It will be necessary to sharpen knife blade 42 periodically, although the amount of time between sharpenings is significantly increased by the use of the separate core cutting blade 68. It can be expected that the outside diameter of blade 42 will become slightly reduced as a result of the sharpening. Subsequent to sharpening, it may be necessary to adjust the mounting position of one or both blades relative to roll R to compensate for the wear of the knife blade. Such adjustment can be by any conventional means such as an eccentric located on the upper support arm 38 in association with the mounting of knife blade 42 thereto. Compensation for wear of the saw blade 44 or an offsetting compensation for movement of the knife blade 42 can be accomplished in a similar, conventional manner.
Referring to FIG. 5, knife blade 42 is double edged of conventional construction and has hollow ground outer surfaces 42a, 42b. When knife blade 42 leads saw blade 44, the knife blade performs the primary cutting function and saw blade 44 is utilized to remove the material between the double edged portion of knife blade 42. Since knife blade 42 is driven by roll R and it is therefore rotating at the same circumferential speed as the point of contact between knife blade 42 and roll R, little heat is generated by the primary cutting operation. Such manner of operation is particularly advantageous when the web material on roll R is fusible at relatively low temperatures.
FIG. 6 shows the position of knife blade 42, saw blade 44 and core cutting blade 68 at the end of the cutting stroke of carriage 36. In such position knife blade 42 has completely cut through the material on roll R and saw blade 44 has removed all the material from the newly cut groove G. Additionally, core cutting blade 68 has been driven through the core C by carriage 36 (not shown). To facilitate the cutting action of the core cutting blade 68, supporting shaft or mandrel 20 contains an outer sleeve of teflon 74. The teflon sleeve 74 prevents scoring of supporting shaft 20 and prolongs the life of core cutting blade 68 while providing a bearing surface against which core cutting blade 68 can act for a cleaner cut. As best shown in FIG. 7, Core cutting blade 68 is shaped with a bevel in one direction only. The single bevel faces the unloading end or the end opposite chuck 26 of machine 10. A single bevel results in a cleaner cut of core C and facilitates the separation of the plural strips or ribbons S.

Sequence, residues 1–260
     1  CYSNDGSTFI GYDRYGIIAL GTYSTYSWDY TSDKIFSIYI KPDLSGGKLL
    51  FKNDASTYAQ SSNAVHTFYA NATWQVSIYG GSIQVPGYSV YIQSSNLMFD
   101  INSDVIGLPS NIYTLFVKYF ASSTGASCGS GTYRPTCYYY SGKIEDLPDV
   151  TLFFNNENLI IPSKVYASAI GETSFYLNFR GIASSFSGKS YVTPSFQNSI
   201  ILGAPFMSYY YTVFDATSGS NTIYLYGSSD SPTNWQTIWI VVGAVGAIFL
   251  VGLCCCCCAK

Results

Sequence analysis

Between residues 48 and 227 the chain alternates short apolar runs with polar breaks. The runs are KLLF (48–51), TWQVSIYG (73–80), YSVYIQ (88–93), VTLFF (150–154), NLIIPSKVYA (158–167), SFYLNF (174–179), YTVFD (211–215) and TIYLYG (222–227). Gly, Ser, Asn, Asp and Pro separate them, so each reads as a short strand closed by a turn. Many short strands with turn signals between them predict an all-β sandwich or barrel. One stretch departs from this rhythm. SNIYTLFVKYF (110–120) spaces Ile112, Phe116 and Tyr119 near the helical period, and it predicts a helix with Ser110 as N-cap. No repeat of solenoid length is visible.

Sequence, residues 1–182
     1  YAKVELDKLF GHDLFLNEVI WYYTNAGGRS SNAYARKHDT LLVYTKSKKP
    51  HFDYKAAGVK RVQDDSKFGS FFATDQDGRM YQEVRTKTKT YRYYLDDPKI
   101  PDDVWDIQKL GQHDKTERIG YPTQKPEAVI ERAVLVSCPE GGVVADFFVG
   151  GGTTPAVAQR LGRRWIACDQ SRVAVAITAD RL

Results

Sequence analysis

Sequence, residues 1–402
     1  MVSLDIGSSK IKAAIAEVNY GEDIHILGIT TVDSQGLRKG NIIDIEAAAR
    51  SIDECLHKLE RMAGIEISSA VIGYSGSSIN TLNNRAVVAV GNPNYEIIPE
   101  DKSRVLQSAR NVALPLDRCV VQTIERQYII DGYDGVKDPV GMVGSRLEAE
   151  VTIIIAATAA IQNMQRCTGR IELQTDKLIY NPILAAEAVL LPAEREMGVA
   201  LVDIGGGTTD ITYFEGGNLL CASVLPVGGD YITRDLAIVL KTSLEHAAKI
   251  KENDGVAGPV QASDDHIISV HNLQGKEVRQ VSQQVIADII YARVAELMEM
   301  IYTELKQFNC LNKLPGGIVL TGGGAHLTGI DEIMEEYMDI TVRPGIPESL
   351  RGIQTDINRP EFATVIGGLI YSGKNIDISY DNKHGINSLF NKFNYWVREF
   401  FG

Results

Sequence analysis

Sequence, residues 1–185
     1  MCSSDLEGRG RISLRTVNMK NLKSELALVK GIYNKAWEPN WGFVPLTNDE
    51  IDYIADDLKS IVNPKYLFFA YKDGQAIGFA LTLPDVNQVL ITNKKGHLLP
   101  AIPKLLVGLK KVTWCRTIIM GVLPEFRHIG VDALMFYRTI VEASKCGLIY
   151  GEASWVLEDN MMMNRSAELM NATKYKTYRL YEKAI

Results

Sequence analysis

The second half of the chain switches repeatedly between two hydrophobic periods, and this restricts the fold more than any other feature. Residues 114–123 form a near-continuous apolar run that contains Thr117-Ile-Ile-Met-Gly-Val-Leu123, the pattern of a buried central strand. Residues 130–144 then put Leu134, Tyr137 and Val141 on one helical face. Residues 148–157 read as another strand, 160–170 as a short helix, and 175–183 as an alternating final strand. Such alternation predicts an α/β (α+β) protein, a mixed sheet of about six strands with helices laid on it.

FIG. 8 shows a detail of the teeth 76 of saw blade 44. As discussed above, saw blade 44 is used primarily for removal of material and therefore is conventionally shaped for such operation using carbide tips for longer life and cleaner operation.
In normal operation knife motor 46 may be utilized to rotate knife blade 42 to substantially the same circumferential speed as the surface of rotating roll R. The carriage transporting cylinder 66 is then activated and knife and saw blades 42, 44 in carriage 36 are caused to come into contact with the surface of roll R. After contact is made between knife blade 42 and the surface of roll R, the force between the roll R and the blade 42 exerted by carriage transporting cylinder 66 will provide sufficient force to drive knife blade 42 at the same linear speed as the web being cut. After contact is made, first motor 46 can be deactivated manually or by a torque sensing switch (not shown) associated with motor 46.
The embodiment of the present invention disclosed herein has knife blade 42 located on the upper support arm 38 and saw blade 44 located on the lower support arm 40 to facilitate collection of material removed from roll R for recycling. However, it should be understood that the relative orientation of the knife 42 and the saw blades 42, 44 can be reversed. Likewise, knife and saw carriage 36 is depicted as being movable while supporting shaft 20 is fixed. Without departing from the scope of the present invention, carriage 36 may be fixed and supporting shaft 20 and its associated chuck 26 movable relative thereto. Further, supporting shaft or mandrel 20 is shown with its axis in the horizontal direction. It is within the contemplation of the present invention to orient the supporting shaft 20 with its axis in the vertical direction and to orient carriage 36 so that the common plane of rotation of knife and saw blades 42, 44 is horizontal.